Out of 26.7 million registered voters, 17.6 million, or 65.9 percent turned out to vote. That means that more than 9 million registered voters did not vote in the elections. That is a drop of 7.5 percent from five years ago. In addition to this, 9.2 million people did not register for the elections. Out of a voting-age population of 36 million people, for the first time, more than half - or 18.5 million (51.5 percent) - did not vote. Although the number of registered voters increased compared to 2014, nearly a million fewer people turned out to vote.
This mass abstention is not ‘voter apathy’. South Africa is a highly politically engaged society. At the same time as voter participation has dropped, the number of community protests has increased. Large layers of society are expressing themselves politically outside of the formal electoral process. This could be witnessed in the weeks before the elections, when the country was gripped by a spike of protests within the urban poor and township youth. These protests have reached record high levels each year since 2013.
Together with this, we have also seen the dramatic rise of student movements every year since 2015. The youth are the most politically active section of society but to a large extent are not expressing this in elections. Where they do participate in the voting process they are pushing up the vote of the EFF and when they are not voting, they are participating in mass protests. In other words, what we see is a radicalisation of the youth, which anticipates big events in the future.
Empty victory for the ANC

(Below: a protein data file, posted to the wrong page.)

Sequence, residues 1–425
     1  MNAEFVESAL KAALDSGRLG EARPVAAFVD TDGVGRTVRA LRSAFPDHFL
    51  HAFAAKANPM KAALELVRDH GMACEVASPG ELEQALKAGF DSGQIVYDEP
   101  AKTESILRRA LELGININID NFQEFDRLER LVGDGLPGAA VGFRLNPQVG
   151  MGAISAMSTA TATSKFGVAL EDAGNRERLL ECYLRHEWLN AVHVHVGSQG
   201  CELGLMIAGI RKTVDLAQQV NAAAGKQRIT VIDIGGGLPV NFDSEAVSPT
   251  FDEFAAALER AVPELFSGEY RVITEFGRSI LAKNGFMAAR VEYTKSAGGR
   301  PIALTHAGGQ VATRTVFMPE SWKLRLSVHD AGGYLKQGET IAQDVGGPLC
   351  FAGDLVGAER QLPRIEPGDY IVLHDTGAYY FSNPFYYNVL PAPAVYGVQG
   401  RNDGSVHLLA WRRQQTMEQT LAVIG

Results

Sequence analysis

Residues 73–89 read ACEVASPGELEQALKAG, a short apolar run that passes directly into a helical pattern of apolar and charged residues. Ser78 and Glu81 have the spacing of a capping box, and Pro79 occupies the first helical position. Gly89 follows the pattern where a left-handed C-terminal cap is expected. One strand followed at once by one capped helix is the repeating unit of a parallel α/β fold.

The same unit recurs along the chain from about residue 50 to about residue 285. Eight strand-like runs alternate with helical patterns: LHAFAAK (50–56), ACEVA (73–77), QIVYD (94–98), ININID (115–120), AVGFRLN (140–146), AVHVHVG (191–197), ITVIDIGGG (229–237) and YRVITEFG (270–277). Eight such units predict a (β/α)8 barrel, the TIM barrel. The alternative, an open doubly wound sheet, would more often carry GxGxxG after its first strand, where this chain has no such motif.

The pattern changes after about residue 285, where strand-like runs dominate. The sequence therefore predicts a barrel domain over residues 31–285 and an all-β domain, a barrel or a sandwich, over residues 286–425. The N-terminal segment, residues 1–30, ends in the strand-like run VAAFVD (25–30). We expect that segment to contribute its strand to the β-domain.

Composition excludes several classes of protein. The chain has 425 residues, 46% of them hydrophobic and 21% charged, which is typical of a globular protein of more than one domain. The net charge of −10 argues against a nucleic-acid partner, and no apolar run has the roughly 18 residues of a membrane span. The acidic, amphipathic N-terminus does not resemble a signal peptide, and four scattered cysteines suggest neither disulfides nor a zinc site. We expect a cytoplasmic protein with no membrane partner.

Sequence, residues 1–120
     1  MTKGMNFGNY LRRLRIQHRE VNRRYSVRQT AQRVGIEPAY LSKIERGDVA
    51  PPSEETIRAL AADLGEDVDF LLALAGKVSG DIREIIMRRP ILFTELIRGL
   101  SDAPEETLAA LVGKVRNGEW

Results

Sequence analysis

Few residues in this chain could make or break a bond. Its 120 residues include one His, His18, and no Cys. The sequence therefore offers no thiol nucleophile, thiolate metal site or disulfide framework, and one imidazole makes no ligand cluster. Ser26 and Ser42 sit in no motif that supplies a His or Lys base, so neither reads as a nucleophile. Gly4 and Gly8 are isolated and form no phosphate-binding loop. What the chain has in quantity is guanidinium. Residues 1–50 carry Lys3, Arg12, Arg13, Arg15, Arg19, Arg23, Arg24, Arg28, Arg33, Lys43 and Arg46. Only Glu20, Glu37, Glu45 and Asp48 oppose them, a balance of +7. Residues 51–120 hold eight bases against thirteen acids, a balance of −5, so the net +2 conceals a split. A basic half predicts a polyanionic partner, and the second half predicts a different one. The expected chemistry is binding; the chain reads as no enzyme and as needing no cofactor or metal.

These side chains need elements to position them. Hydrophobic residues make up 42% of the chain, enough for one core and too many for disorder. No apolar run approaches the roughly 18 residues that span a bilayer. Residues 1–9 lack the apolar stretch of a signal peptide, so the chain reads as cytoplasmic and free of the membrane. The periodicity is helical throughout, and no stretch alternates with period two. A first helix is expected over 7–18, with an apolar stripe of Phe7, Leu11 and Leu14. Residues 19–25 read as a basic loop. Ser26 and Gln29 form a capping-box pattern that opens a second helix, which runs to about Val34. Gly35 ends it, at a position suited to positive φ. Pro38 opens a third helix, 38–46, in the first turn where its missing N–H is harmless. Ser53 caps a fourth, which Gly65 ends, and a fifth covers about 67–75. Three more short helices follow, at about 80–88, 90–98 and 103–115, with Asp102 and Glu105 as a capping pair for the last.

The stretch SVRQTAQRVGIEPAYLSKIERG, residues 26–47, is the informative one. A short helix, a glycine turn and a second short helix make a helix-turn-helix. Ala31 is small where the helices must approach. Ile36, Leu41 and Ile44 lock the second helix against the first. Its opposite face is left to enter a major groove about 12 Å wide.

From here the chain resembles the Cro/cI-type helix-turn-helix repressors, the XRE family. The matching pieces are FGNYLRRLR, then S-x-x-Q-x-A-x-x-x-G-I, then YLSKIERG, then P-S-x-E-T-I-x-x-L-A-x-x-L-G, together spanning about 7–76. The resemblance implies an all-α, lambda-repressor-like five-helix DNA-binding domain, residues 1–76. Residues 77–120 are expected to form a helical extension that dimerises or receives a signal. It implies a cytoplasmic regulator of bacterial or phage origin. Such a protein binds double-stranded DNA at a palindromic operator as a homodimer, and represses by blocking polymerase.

The ANC has had its worst performance ever. For the first time, it lost support in all the provinces of the country. It has gone from 249 seats in the National Assembly to 230, and is now governing the country with a mandate from only 28 percent of eligible voters. In Gauteng, the most important province, it only just managed to keep its majority, with 50.19 percent of the vote. Had it lost its majority in Gauteng, this would have been a big blow. In all the provinces there is a direct correlation between the losses of the ANC and the gains of the EFF. In the National Assembly, the 19 seats it lost went to the EFF.
The ANC went into these elections battered and bruised. The factionalism and infighting were on full public display as the election day beckoned. Leading party members were openly defying leading bodies of the organisation. The controversy over the party’s lists to parliament and the provincial legislatures is the latest example of an organisation in decay. Frightened by the public backlash, the party’s Veterans League has gone so far as to call on persons implicated in corruption to withdraw themselves from the lists. Secretary-General Ace Magashule, who is running the party’s organisational affairs, accused his own government of bugging his phone and spying on him. After the results were released, Magashule was in a public spat with Fikile Mbalula, the party’s head of campaigns, over the impact of President Ramaphosa on the elections. All of this was happening in front of the world’s media at the result operation centre!